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Series finale: Last column (for now) on secular parenting

July 23, 2011

Yes, folks, this will be my VERY LAST faith column. At least for a while. Having two deadlines a month shouldn’t be that hard, right? Well, it wasn’t when I just had one child. But since Baby 2 arrived in February, I’m finding the whole process to be insanely challenging. Something had to give. Will miss writing the column. I started writing it in 2006 while I was still the full-time religion reporter for the Austin American-Statesman, and I had the great fortune of continuing it after my first daughter was born. That made for a nice transition from reporter to stay-at-home mother. Hard to believe I’ve been churning out two columns a month for five years.

I will still maintain this blog. And pick up the occasional freelance piece. For now, though, I’m going to focus on my girls.

I’m glad to go out with a bang — on the Life front with a photo by the fabulous Statesman photog Laura Skelding — and with a topic that has long interested me: secular parenting. Raising your kids outside of religion isn’t easy. Especially in Texas. I had the pleasure of getting to know a fellow mama Angelique Lugo and to profile her effort to bring a Parenting Beyond Belief seminar to Austin on Oct. 15. Look for more posts about the seminar this fall.

Here’s the full text (including my little goodbye note at the end):

Austin mom organizes secular parenting workshop


One day last spring, Angelique Lugo’s 5-year-old son dropped the “J bomb” on her.

He came home distraught because a boy at school had insisted a man named “Jason” lived in his heart.

Lugo and her husband, who live in North Austin and don’t practice a religion, addressed their son’s immediate concern — that a literal man was living inside him. But the incident raised a larger issue for the Lugos — how to explain that the boy at school wasn’t talking about a guy named Jason but a god named Jesus. And that this wouldn’t be the last he heard of him.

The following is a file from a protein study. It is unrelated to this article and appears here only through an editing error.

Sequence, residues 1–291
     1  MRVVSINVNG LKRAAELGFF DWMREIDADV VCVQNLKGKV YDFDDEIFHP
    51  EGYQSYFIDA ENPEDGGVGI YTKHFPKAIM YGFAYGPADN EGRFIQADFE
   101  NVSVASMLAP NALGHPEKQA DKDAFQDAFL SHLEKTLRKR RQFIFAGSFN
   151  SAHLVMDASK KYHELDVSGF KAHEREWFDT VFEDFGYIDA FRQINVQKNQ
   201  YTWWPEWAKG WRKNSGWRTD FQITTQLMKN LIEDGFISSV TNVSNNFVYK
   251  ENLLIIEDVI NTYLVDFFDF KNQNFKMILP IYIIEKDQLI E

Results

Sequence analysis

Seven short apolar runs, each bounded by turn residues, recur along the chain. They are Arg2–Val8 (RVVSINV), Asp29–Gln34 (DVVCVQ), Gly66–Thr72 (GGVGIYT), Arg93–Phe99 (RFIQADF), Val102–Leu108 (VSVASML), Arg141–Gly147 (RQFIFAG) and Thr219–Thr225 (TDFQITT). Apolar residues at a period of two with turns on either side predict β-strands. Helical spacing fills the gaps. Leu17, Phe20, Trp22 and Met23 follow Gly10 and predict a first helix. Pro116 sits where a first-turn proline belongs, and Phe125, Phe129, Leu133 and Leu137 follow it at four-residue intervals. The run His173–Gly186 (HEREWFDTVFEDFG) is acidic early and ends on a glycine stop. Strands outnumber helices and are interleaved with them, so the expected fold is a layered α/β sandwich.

When it comes to religion, Lugo, a 38-year-old sign language interpreter, has been bobbing about in what she calls “murky waters” for years. She was raised Catholic (her mother sent her to catechism “just in case there’s a hell”) but doesn’t consider herself a Christian. Her husband is an atheist, but that label doesn’t work for her either. She didn’t plan to raise her son with a religion, but knew she couldn’t insulate her son from proselytizers and well-meaning religious friends forever.

She needed guidance.

“It’s not a matter of going to church or not going to church,” she said. “For me, it’s a matter of being comfortable with where you are at the moment … and having the tools to articulate it.”

Lugo figured other parents needed those tools, too, so she contacted Dale McGowan, a kind of guru for secular parents.

The Georgia-based author of “Parenting Beyond Belief: On Raising Ethical, Caring Kids Without Religion” and “Raising Freethinkers: A Practical Guide For Parenting Beyond Belief” leads seminars that help nonreligious parents navigate a religious world.

“I’m hoping if we can meet in these murky waters in the workshop that we’re going to walk away knowing we’re not the only ones with these questions and hopefully forming a support network,” Lugo said.

Unable to find sponsors to cover McGowan’s speaking fees upfront, Lugo reached out to a handful of like-minded mothers in the Austin area. The women created a Web site and Facebook page, designed fliers and secured a location — Trinity United Methodist Church, a congregation liberal enough to, as the pastor Sid Hall told me, welcome “people who support all kinds of mythologies or no mythologies at all.”

The four-hour workshop will be held Oct. 15.

The group still needs to sell enough tickets in advance — Lugo is urging people to register by Sept. 1 — to pay McGowan’s speaking and travel costs. Getting the word out has been tricky primarily because there isn’t a single place where secular parents gather. And organizers need to be careful about language, assuring people that Parenting Beyond Belief isn’t necessarily an atheist seminar (McGowan isn’t anti-religion) but also making it clear atheists are welcome.

McGowan estimates about 8 million to 10 million people are raising their children outside religion. And though they might choose different labels, the parents who attend his seminars often have similar concerns. The most frequent question is how to handle religious family members, he said.